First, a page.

Metrics and actions: partial vs. full watch, # of rewatches, total session time
(2)Swipe for the next video
Metrics and actions: Swipe velocity (time between swipes), swipes by content type/creator, swipes per session
Metrics and actions: likes, follows/subs, re-shares (and to which social media platforms), comments
Viewer personas: more than Gen Z
We can discover who our viewers are by empathizing with them to better understand their entertainment goals and pain points. We should supplement their point of view with data. I’m going to extrapolate the personas from my experience with TikTok and what I’ve learned about the platform’s viewers from marketing commentary.
60% of TikTok’s viewers are 16–24 in the U.S. But that’s not the whole story. The customer base is diverse. Just ask the seniors of TikTok. We can learn more by considering two ends of the spectrum and putting ourselves in their shoes:
If we had more time, we might interview users and observe how they use TikTok and other content platforms to distill clearer viewer personas. There are many, many more. Ideally, our personas are built based on a combination of data and direct field research.
Predicting away overchoice
TikTok eliminates the burden of entertainment overchoice. Netflix has an estimated 36,000 hours, or over four years of documentaries, shows, and movies. In 2018, the catalog began to interfere with the content platform giant’s acquisition process. This problem has many permutations: paradox of choice, FOMO, analysis paralysis, and decision fatigue.
TikTok picks your content for you and predicts what you’ll enjoy. There are no thumbnails or categories that you must choose from. No need to search, no need to mull anything over. Open and go. Less friction and fewer chances to drop out of the adoption funnel or abandon the app. TikTok’s algorithm is the decision support system. That makes it easier to simplify the UI.
Good content matters, too. A powerful recommendation model is nothing without a variety of entertainment. We all need a brief respite from the world especially this year. Swiping for fun is a welcome change from doomscrolling.
Bytedance is tight-lipped about how its algorithm works. I agree with pundits: the engine likely also factors in location, geography, time of day, and perceived demographics and psychographics into what gets shown next. I suspect the algorithm is using real-time training data for continuous updates. Changes are likely deployed multiple times per day to support viral video detection, dance challenge trends, and better results from cold starts (i.e., no prior information about the user). I hope they have a rockstar DevOps team, fwiw.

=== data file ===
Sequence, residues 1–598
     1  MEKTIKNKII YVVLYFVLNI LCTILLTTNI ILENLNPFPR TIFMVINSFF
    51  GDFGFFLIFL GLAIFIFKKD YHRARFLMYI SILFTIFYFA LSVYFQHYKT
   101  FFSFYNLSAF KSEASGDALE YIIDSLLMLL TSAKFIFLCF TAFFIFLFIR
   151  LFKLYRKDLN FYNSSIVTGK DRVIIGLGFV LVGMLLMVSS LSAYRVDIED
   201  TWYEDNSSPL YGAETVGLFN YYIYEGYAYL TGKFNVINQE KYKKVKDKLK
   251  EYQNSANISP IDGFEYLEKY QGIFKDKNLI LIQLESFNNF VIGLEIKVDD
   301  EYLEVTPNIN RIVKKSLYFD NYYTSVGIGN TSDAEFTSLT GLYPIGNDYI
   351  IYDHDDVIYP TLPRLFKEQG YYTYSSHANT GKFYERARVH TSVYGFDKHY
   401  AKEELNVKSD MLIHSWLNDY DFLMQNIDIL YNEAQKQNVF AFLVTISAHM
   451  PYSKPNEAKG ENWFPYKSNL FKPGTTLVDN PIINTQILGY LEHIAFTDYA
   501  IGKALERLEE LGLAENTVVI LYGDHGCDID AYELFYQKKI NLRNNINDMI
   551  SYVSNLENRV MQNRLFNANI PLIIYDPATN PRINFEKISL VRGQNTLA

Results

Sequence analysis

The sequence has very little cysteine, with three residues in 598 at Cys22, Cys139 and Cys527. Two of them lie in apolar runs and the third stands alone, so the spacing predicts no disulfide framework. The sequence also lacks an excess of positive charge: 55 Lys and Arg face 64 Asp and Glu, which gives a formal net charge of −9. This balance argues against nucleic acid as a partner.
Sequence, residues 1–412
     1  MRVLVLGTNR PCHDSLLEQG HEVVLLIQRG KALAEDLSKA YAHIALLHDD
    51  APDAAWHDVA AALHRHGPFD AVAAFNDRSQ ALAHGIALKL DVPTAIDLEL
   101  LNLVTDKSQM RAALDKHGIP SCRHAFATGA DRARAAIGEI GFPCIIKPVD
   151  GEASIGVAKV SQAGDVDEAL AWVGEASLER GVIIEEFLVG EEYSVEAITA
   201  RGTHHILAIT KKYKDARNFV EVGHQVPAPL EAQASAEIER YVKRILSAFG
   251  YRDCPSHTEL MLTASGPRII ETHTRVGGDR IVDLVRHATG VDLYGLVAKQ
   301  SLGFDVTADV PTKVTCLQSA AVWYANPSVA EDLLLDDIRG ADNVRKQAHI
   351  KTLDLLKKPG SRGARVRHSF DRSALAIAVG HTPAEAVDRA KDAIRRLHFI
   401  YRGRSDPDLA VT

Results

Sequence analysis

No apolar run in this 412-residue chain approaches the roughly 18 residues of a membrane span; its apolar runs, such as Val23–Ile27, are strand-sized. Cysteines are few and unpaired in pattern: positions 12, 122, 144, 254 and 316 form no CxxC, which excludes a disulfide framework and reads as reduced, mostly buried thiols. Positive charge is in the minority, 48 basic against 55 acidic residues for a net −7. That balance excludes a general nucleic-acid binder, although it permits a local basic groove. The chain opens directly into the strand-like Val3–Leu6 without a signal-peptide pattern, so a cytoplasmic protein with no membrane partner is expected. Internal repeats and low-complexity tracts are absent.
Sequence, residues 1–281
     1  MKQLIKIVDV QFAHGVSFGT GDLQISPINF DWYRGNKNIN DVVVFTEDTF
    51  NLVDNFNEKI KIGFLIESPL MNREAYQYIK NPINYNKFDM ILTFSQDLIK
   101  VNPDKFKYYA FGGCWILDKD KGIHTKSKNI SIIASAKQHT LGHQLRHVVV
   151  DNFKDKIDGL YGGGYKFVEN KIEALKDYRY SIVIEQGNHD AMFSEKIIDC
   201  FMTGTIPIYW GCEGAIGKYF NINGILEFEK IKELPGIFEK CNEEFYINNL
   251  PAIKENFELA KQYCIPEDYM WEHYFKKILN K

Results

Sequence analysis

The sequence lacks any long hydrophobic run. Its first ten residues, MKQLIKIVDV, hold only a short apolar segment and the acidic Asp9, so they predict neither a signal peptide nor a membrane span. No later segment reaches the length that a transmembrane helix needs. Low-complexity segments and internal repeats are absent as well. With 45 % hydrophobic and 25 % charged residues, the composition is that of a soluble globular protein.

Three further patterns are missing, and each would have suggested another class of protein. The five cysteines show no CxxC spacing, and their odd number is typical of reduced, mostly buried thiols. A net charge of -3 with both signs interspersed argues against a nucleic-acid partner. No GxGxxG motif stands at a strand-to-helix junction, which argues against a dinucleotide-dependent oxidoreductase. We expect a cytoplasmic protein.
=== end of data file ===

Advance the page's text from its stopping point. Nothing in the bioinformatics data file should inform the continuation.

Did you try it out? How long did it take before you were shown videos about topics that interest you? Did you begin seeing more content that you liked as you swiped?
Not all rosy: dark pattern advertising
I spent more time on TikTok than usual over Thanksgiving. I thought about what step in the process gave me the most friction and detracted from feeling creative or joyful. Where did I land?
Pre-roll takeover ads. TikTok monetizes content in part through advertising. This often includes an ad that plays before your first video and mid-rolls intermittently throughout your session. The pre-roll ads have a dark pattern problem: swiping away takes you to the click-through site.
Pre-roll ads are an inevitable part of the viewer experience. TikTok should optimize every portion of the journey, even ads. At best, it’s poor design without empathy for the viewer and their expectations. Long-term, the ads could be perceived as deceptive and hurt TikTok’s social commerce aims. The company has already faced challenges with its advertising business.
How we could solve it
Let’s break down how best to solve the problem. The swipe UX for pre-roll ads differ from regular content and mid-roll ads. This causes distrust and annoyance. From a business goal perspective, ad click-throughs may be up, but engagement is likely suppressed. From a design perspective, it’s inconsistent and elicits the wrong signals. From an engineer’s point of view, pre-roll ads appear to unnecessarily have separate code mechanics.
If our goal is to make the experience consistent and engaging for viewers, a good solution would be to allow a swipe-down to skip the pre-roll ad. Alternatively, we could require a certain number of seconds before allowing a swipe-down.
Tradeoffs and considerations
So, what are the tradeoffs? It’s possible this is part of A/B testing and others do not experience this issue. As of a few days ago, I no longer see these ads. I’m also amazed at how many ads are not in the style of TikTok. Most appear to be condensed versions of TV and YouTube ads. There are other opportunities to improve the ad process (for consumers and the business alike). From a metrics perspective, we expect click-throughs will go down.